Before Mercier’s LeTableau de Paris (Neuchatel, 1780), books about Paris were mostly catalogues of monuments and compilations of historical anecdotes or satirical writings. Mercier, focusing on the details of everyday life, penetrated the heart of Man, and drew a moving portrait of his contemporaries. He inspired many, including Jean-Baptiste Pujoulx (1762-1821), who published Paris à la Fin du XVIIIe Siècle (Paris), some twenty years later. In between broke the French Révolution (1789). Thus, Pujoulx’s book appears to be an update to Mercier’s.
Second First Edition
This in-8° volume was apparently printed for the first time in 1800—Year IX of the Republican, or revolutionary calendar established in 1792, and abandoned in 1806. In fact, although mentioned in Feller’s Dictionary... (Lyon, 1823), this first edition is nowhere to be found on the Internet, unlike the so-called second one, published in 1801, chez Brigite Mathé, Libraire, Palais du Tribunat, sous les colonnades du Passage Radziwill—An IX, 1801. Regarding the latter, the French expert Benoît Forgeot wrote in a catalogue of a Pierre Bergé’s sale in 2011: “Second edition, published the same year than the first one.” Yet, could this 1801 edition be the very first one? A second edition did come out in 1801, indeed—but at La Librairie Economique...(Paris), Year IX—1801. The title page of this edition also bears the mention “SECOND EDITION”. Then the forewords state: “There are two ways the author of a book can judge of its success; the opinions of the reviewers and the promptness of the sales. This edition is the proof that the first one sold very quickly.” Could it refer to a first Libraire Economique’s edition? This was nowhere to be found either. The confusion could come from the Republican calendar—according to it, Year IX went from September 1800 to September 1801. To make it even more complicated, in La France Littéraire (Paris, 1835), J.M Quérard lists two editions: 1) Paris, Brig(ite). Mathé, 1800, in-8 of 390 pages, 3 fr. 50c. 2) Seconde edition. Paris, Librairie Economique, 1801. Yet, all the Brigite Mathé’s copies I have come across (Year IX—1801) feature 388 pages only! Was Quérard counting the half-title page? Or did he make a mistake?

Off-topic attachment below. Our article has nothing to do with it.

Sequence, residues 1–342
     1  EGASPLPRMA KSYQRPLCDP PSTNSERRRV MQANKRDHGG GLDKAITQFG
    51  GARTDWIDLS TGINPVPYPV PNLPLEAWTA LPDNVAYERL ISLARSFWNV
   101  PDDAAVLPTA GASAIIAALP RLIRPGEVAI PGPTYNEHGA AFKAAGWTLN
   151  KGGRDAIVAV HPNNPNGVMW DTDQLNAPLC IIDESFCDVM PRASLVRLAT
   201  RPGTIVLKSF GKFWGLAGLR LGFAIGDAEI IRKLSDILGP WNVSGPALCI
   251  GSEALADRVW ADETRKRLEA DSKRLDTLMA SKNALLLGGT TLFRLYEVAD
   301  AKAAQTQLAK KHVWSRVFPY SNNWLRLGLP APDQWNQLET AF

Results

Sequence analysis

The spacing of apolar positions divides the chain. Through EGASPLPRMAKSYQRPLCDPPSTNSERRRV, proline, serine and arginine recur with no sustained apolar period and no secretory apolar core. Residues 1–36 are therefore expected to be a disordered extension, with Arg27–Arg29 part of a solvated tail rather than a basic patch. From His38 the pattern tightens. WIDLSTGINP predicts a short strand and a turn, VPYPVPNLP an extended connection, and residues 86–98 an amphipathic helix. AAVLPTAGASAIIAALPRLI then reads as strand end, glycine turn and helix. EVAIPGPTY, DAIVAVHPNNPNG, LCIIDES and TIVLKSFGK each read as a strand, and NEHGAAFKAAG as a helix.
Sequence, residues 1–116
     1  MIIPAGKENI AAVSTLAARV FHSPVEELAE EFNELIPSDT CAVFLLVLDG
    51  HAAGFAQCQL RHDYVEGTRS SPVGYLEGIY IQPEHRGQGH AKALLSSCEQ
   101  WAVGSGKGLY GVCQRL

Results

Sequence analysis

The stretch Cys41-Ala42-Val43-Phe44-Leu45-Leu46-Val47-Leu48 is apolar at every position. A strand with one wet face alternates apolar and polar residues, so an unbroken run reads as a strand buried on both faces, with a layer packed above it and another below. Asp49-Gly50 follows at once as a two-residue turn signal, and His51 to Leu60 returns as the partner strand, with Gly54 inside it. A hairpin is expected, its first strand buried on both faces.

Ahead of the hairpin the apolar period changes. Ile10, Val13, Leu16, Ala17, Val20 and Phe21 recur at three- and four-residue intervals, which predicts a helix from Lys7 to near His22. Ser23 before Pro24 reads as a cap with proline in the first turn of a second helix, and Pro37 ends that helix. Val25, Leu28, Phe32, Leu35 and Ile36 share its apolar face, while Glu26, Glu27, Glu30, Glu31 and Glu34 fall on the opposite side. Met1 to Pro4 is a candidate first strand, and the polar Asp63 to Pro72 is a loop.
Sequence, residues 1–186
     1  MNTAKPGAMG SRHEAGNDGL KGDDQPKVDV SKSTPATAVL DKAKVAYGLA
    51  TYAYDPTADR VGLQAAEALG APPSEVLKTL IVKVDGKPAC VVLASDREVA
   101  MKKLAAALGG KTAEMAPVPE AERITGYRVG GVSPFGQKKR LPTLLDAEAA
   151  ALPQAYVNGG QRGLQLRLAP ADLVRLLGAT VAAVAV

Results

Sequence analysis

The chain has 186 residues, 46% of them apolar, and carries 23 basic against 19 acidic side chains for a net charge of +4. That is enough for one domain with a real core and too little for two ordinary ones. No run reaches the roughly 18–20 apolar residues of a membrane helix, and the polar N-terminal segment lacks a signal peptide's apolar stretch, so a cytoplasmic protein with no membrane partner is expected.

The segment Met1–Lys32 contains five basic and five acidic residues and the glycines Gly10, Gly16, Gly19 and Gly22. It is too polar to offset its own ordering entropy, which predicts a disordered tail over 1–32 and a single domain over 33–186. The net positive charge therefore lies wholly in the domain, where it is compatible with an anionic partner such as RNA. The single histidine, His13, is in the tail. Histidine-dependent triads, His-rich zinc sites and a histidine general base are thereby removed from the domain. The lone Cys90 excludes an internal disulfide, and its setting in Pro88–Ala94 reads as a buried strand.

Brigite Mathé or Mathey
The “Year IX—1801” edition was published by Brigite Mathé. You won’t find much about her either, until you correct the spelling of her name in Mathey. The Bibliothèque Nationale de France (BNF) states that she became a librarian in 1791, aged 22, and that she also had a “reading salon.” “The bookshop and the salon,” the BNF states, “were funded by the printer-librarian and journalist Antoine-Joseph Gorsas (1751-1793)—Mrs. Mathey used to be his servant.” They were actually lovers—Gorsas was a married man—, and when the revolutionary government put a price on Gorsas’ head following his implication in politics, he naturally sought refuge with her. “Not only was he careless enough to go to a mistress of his,” the Biographie Nouvelle des Contemporains... (Paris, 1822) reads, “but he also showed up in the middle of the assistance of her salon.” Consequently, he was arrested and “guillotiné” (beheaded) on October 7, 1793. Brigite Mathey later worked with Gorsas’ widow—until they fell out with each other—, and then she directed the Gazette de Paris (around 1797) and took care of the subscriptions of La Toilette. She retired in August 1824, selling her licence to Augustin Vattebault.
The period following the Révolution was a bloody and confused one. Paris became the theatre of massacres, political revolutions, and Mercier’s portraits were now vague souvenirs from another world—and his Nouveau Paris/New Paris (Brunswik, 1800) was not as good as the “old” one. All these dramatic events made Pujoulx a prudent man. In his preface, he makes sure that his observations are “of a man of letters, who remained sort of independent during this long period of time, when all excesses, errors and crimes degraded humanity.” Consequently, his book shows that, beyond politics, and as Napoléon Bonaparte was reigning, Paris was still Paris.
Drawers of Water 18.01